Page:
A report by CAG has said food at many railway stations is unfit for human consumption.
A report by India’s Comptroller and Auditor General (CAG) has confirmed what many had doubted: that the food served on board Indian trains and at railway stations is unfit for human consumption.
The coffee is lousy, tea watery and less said about the food the better.
CAG’s annual audit report said checks on 80 trains and at 74 stations had found that some food items were stale and contaminated. Packaged and bottled items were well past their expiry date.
The CAG team found that food was stored in the open, attracting flies, rats and cockroaches. There have been various reports that rodents have now become part of rail journey and nightmare for many passengers. Bags containing food items are torn and the food items consumed by rats, especially in overnight trains.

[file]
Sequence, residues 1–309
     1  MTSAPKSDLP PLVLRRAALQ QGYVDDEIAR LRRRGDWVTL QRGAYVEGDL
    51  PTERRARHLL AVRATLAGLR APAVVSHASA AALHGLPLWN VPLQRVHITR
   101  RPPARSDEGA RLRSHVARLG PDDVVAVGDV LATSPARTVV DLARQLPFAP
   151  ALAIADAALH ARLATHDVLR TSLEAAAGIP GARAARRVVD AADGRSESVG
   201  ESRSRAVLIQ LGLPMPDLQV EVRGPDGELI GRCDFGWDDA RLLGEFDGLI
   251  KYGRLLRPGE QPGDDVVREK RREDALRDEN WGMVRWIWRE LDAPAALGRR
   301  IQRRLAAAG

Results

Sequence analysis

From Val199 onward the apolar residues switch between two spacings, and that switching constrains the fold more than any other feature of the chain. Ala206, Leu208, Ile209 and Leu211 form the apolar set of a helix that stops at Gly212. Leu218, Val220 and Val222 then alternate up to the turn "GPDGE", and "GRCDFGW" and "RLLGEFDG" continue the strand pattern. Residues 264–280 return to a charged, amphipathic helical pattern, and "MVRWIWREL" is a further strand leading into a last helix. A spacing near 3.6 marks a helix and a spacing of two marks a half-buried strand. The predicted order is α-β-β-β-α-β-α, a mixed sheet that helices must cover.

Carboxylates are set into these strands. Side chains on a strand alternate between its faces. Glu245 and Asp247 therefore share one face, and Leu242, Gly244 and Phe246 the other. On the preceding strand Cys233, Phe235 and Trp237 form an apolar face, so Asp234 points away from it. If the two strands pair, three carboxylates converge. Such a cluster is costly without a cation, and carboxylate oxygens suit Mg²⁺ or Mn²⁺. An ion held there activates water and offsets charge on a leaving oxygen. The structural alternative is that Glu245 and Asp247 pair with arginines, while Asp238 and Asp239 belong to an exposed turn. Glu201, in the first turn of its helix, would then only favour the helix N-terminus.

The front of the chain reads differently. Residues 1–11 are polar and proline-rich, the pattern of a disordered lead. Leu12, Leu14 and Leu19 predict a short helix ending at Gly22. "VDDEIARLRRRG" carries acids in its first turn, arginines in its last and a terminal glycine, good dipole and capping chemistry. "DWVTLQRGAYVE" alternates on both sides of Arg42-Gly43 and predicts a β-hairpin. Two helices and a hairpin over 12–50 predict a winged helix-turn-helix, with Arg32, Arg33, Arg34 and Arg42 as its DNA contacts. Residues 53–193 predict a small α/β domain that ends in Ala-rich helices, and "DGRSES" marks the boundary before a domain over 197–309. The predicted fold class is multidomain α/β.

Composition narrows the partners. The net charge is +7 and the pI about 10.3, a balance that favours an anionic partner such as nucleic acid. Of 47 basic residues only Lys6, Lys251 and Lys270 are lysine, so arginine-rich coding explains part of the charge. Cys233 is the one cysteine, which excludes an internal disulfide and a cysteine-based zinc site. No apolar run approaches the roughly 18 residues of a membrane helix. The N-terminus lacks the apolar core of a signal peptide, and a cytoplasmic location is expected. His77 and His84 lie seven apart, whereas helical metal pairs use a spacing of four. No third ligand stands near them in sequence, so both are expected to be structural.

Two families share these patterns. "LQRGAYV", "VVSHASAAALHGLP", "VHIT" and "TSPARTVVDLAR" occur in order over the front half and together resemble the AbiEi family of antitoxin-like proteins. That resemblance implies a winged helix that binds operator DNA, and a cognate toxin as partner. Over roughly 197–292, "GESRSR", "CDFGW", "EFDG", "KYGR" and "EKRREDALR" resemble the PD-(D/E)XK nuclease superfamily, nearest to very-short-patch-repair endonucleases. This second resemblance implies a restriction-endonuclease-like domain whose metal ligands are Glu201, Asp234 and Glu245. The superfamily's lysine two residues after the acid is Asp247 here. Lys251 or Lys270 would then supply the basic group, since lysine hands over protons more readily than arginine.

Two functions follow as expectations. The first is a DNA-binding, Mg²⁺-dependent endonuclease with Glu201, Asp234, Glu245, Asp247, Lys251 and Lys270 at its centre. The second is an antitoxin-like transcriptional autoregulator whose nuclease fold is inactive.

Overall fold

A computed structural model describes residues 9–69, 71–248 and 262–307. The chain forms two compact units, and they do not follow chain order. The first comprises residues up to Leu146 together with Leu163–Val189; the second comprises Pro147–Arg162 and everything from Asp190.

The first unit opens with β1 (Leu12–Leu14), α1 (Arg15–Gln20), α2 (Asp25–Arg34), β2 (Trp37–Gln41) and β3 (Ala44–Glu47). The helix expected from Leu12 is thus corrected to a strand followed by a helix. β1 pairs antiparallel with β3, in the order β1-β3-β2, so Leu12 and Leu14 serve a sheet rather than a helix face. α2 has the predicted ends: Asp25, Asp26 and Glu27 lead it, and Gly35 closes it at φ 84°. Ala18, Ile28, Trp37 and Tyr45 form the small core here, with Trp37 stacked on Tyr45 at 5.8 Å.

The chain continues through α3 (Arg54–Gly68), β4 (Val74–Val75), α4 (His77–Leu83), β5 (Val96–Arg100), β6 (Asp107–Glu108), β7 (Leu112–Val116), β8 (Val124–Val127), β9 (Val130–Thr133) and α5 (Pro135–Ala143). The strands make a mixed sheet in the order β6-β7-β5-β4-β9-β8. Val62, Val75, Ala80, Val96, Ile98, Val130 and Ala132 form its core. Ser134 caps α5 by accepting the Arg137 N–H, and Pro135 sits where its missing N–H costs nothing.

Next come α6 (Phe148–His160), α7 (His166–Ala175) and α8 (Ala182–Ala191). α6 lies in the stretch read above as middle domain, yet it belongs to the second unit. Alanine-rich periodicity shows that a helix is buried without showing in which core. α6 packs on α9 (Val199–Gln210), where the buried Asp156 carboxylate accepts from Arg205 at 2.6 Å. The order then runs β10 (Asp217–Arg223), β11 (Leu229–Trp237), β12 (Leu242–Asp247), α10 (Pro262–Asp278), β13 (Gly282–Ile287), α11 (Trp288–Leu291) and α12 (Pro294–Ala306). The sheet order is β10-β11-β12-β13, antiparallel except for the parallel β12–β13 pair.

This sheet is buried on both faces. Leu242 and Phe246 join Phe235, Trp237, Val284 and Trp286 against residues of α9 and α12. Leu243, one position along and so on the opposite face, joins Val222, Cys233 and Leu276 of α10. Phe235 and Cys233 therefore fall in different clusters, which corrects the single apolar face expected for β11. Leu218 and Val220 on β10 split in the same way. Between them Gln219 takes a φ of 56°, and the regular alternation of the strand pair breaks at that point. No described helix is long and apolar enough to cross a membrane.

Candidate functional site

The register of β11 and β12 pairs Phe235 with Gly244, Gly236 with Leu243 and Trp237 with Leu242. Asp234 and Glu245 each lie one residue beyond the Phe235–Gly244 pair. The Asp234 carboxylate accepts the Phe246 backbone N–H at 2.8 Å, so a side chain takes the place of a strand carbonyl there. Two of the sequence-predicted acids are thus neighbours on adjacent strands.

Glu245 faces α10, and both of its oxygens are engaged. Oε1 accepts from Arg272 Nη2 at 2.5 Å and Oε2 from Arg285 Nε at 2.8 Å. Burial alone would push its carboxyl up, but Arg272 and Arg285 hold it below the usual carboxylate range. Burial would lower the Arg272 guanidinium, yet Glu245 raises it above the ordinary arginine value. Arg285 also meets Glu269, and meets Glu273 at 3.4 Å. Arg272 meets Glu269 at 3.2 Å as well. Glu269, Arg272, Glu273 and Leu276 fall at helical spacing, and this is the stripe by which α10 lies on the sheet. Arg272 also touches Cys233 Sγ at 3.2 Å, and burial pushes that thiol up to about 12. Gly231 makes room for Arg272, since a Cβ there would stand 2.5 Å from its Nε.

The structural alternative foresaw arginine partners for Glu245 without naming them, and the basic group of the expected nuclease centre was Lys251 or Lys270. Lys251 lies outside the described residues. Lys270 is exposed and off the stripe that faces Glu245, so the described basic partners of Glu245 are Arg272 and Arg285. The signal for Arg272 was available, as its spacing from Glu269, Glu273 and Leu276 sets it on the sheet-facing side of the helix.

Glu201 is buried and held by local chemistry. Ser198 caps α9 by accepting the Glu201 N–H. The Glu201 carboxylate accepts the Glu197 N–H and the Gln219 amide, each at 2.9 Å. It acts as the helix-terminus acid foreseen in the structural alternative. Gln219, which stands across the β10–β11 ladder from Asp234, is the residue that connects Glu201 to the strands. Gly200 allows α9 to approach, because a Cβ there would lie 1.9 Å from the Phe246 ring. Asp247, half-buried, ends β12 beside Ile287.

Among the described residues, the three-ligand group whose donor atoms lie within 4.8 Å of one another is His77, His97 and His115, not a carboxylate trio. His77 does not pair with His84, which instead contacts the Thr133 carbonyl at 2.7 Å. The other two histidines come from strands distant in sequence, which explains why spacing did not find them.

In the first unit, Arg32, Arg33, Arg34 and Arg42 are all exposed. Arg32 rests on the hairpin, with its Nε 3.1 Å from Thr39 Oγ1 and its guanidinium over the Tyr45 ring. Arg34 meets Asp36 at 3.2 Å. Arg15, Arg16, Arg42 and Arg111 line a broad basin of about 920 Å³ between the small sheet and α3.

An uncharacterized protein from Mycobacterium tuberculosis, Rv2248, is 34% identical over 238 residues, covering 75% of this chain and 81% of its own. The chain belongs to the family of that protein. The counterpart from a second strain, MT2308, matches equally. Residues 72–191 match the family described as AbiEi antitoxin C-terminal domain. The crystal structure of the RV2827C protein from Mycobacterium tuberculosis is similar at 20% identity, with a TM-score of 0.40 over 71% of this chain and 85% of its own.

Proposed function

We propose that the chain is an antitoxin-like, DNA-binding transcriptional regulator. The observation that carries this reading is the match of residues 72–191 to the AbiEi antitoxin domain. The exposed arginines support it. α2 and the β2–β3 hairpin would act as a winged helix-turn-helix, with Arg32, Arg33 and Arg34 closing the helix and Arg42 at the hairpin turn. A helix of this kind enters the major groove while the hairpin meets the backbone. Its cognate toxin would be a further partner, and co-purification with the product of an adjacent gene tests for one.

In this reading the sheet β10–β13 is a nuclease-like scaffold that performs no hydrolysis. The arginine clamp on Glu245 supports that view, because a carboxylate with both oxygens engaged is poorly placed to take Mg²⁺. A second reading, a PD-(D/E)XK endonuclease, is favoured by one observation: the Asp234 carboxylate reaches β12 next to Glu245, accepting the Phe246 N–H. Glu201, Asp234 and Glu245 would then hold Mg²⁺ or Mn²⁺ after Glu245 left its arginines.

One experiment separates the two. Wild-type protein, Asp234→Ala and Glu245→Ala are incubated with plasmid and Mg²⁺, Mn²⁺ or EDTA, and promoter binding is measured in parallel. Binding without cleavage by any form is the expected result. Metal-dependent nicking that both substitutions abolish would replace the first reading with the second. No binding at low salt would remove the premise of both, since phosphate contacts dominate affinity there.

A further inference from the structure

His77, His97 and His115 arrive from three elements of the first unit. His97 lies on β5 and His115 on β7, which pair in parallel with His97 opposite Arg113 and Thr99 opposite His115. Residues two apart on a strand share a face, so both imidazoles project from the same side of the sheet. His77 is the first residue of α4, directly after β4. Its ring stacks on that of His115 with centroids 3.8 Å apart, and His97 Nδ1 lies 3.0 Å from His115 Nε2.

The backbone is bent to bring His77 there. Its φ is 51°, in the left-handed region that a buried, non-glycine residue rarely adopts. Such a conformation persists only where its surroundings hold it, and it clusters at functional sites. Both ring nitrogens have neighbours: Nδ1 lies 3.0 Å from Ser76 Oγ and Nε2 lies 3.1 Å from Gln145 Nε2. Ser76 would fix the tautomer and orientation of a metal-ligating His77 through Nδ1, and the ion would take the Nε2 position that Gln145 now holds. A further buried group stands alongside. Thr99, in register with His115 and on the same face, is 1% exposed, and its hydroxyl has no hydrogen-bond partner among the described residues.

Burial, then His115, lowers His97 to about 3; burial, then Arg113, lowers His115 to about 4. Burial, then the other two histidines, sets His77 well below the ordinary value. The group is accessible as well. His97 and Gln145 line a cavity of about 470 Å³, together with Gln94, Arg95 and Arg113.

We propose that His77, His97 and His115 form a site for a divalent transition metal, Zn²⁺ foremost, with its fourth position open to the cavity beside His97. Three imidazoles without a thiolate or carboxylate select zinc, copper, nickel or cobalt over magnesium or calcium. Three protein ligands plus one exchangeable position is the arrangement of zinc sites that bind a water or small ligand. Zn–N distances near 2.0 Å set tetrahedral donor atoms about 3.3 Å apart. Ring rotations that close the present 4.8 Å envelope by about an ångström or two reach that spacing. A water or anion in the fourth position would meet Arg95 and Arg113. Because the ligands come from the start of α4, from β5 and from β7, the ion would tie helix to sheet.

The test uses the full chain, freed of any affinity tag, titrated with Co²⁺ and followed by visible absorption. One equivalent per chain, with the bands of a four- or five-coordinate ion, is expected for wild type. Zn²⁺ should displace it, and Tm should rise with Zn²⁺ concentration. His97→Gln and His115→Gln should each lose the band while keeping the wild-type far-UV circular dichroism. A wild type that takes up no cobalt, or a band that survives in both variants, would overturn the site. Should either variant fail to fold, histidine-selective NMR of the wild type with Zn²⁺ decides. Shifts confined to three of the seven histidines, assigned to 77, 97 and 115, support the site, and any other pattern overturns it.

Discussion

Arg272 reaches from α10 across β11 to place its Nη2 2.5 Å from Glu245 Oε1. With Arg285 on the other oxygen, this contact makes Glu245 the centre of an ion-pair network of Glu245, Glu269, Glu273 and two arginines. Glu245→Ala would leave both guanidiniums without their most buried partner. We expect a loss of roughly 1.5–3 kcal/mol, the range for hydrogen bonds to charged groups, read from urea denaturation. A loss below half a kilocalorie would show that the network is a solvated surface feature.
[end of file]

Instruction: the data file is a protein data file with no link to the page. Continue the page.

The CAG finding is nothing new. For years rail commuters have been criticising the catering services for poor quality of food. The service providers are selected under a strange tender process where the person or firm quoting the lowest amount gets the contract.
Quite often, such service provider who gets the contract also serves the least quality food. So, no surprises.
Faced by mounting criticism, the Indian Railways announced a new catering policy in February. But this has hardly made any difference.
The report also said that cleanliness and hygiene were not being maintained at catering units at stations and in trains.
Reacting to the report, a twitter savvy railway ministry said on Friday that the new catering policy announced on 27 February would lead to quality food for rail passengers. The tweets also promised new kitchens and upgrades to existing ones.
It has to be seen if the railways walks the talk, rather walks the tweets.